For example, to Syed and his contemporaries in Sindh’s intellectual circles, the Islam that was being advocated by the Pakistani state was alien to the Islam that has been practiced by the Sindhi Muslims of the region for over a thousand years. Syed’s indigenous secularism was also suspicious of Western capitalism, but not in an intransigent way. He suggested addressing the onslaught of soulless modern materialism on a social level with the help of Sindh’s traditional disposition towards its inherent pluralistic and esoteric psyche.
But today Sindh is changing. The Sindhi-speaking middle-class has expanded in the last three decades. Syed is still revered in the province, but he is not as relevant as he was till about the early 1980s. But the PPP still is.
Apart from still being popular among Sindhi peasants and working-classes, the PPP offers the emerging Sindhi-speaking middle and lower middle-classes opportunities to attempt fulfilling their upwardly mobile ambitions.
Sindhis still see the PPP as the only nationwide party that is not only close to their ethnic roots, but is their best mode to keep in touch with the economics, sociology and politics tied to federal-level politics.
Voting for the PPP (by the Sindhis) is now more of a pragmatic move than an ideological one.
But the emergence of a larger Sindhi-speaking middle-class has also triggered social strife in the province. The youth among this section of the Sindhi-speakers see the PPP as a dinosaur associated with the politics of their parents.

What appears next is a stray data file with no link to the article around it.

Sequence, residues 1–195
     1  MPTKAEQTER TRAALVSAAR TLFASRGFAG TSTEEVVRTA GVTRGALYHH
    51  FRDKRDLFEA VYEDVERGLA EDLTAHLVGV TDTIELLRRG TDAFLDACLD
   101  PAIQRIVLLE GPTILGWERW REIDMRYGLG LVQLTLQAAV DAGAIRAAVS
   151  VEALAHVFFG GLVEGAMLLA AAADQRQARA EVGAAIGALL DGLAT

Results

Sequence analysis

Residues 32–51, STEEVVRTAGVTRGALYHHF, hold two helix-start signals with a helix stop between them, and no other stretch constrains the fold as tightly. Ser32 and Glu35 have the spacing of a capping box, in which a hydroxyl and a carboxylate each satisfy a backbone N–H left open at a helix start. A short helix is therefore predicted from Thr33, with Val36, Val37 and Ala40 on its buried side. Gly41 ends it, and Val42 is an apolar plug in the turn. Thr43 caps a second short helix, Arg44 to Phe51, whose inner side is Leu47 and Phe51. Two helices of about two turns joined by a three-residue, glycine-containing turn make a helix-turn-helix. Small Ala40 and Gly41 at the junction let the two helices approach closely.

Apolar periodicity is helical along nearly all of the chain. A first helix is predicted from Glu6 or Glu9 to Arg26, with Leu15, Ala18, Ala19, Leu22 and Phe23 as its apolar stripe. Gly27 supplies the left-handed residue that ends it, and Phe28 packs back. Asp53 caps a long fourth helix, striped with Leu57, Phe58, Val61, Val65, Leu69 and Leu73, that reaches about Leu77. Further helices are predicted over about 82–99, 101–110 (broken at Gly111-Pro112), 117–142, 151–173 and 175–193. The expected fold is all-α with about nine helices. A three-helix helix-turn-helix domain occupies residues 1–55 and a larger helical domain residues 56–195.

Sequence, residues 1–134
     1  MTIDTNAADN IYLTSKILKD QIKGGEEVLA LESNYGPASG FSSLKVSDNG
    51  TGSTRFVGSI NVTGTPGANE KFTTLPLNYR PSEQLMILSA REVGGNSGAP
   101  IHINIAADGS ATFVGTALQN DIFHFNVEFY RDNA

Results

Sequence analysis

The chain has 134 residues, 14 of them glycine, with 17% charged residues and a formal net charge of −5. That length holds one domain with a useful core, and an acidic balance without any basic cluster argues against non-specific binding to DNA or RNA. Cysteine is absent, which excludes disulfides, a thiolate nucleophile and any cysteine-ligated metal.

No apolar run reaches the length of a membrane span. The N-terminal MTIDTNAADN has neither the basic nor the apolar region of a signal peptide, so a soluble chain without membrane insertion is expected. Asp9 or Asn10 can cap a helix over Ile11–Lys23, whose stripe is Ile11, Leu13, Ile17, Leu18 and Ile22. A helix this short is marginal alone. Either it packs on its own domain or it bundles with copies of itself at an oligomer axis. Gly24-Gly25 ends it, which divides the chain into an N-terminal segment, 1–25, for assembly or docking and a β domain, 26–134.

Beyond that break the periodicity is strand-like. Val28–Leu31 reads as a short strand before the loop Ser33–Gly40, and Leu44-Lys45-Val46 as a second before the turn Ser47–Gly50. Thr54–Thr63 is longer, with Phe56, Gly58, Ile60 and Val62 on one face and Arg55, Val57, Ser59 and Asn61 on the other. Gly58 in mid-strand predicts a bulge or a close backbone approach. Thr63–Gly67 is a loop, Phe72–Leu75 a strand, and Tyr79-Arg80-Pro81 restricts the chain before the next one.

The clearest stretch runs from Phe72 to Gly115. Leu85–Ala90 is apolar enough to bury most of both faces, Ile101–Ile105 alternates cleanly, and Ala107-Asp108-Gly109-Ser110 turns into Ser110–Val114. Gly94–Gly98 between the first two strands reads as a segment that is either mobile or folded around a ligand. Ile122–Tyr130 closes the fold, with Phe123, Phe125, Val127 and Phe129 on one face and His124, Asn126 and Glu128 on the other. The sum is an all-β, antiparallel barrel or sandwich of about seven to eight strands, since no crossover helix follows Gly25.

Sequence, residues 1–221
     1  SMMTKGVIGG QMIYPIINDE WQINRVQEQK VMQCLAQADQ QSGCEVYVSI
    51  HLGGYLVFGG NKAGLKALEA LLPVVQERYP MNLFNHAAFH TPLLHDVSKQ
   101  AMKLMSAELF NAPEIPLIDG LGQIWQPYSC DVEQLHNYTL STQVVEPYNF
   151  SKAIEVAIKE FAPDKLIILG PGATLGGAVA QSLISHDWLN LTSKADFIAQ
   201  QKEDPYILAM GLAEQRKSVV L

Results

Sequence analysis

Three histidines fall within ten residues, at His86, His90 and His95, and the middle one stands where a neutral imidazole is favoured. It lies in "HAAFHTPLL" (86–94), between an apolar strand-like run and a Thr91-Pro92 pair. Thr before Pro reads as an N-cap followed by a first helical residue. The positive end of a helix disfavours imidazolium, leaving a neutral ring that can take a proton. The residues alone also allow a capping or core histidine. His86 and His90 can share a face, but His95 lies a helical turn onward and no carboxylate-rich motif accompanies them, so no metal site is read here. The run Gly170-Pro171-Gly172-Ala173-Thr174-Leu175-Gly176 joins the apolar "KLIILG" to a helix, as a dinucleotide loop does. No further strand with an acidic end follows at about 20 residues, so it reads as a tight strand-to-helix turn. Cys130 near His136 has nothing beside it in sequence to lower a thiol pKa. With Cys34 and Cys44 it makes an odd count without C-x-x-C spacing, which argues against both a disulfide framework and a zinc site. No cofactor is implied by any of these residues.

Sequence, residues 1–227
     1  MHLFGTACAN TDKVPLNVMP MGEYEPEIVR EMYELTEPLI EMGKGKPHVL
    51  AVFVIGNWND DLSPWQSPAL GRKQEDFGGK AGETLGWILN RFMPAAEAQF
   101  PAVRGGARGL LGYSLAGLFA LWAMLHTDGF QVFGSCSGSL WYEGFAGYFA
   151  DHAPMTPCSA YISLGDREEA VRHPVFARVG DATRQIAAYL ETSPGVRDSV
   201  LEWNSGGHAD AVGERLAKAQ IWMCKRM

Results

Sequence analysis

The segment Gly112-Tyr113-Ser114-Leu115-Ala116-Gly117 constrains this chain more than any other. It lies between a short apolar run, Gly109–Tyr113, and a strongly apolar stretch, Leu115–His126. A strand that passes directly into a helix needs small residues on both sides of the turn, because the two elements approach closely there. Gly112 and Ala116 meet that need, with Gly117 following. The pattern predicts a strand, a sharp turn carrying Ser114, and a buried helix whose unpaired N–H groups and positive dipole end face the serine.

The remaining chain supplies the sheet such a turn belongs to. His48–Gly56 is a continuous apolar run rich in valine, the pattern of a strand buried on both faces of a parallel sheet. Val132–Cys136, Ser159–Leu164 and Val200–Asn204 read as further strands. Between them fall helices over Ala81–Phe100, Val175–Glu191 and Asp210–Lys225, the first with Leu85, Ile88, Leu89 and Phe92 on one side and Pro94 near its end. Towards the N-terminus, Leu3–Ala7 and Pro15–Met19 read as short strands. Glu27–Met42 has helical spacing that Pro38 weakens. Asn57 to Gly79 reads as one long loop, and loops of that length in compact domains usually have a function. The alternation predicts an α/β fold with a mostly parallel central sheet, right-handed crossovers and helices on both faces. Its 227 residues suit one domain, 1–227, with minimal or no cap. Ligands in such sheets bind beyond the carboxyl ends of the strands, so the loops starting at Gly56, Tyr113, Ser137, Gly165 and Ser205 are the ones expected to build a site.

But there is no effective alternative. The PPP has continued to neutralise the Sindhi nationalists who have little or nothing substantial to offer anymore to the new Sindhi-speaking youth in terms of this youth’s more universal ideas of upward mobility.
Other parties, such as the PMLN and the PTI, are still largely seen in Sindh as squarely peddling the interests of Punjabi businessmen and the Punjabi bourgeoisie.
But even though religious parties have remained to be weak in the province, certain social and economic fissures caused by the rapid emergence of Sindhi-speaking middle-classes have also given rise to a very non-Sindhi phenomenon of religious radicalization.
This is still a new phenomenon among Sindhi speakers. But one can relate it to the way Punjab’s middle and trader classes became overtly conservative from the late 1970s onwards due to their growing exposure and engagement with conservative oil-rich Arab societies in the Middle East, and due to the economic benefits that they enjoyed during General Ziaul Haq’s right-wing dictatorship in the 1980s.
Of course, the Sindhis (from any class) did not enjoy economic benefits from Zia. But a series of PPP provincial regimes in Sindh ever since the 1970s have helped shape the Sindhi middle-classes, and made them become more influential in impacting the electoral and economic dynamics of Sindh.
Conscious of this, Bilawal’s Sindh Festival was planned as a two-pronged strategy. First to furnish Bilawal’s idea of a progressive Pakistan, and secondly to address the trend of urbanization in Sindh from going the way urbanization went in the Punjab.
The cultural activities that were on display during the Sindh Festival suggest an understanding (or need) on Bilawal’s part of an urbanization trend that should produce progressive (white and blue collared) workforce and an economic, political and religious culture based on a healthy respect for diversity, instead of a culture based on economics tied to the politics of religion and sects.
Of course, many aspects of Bilawal’s thinking have a lot to do with youthful optimism and (for want of a better word) well-intentioned social engineering.
But he was quick to realize that the PPP’s rejuvenation and his own political elevation could only be convincingly cemented if the party’s next step is steeped in an ideology that though futuristic, is still rooted in the party’s past of being a large, all-encompassing progressive entity.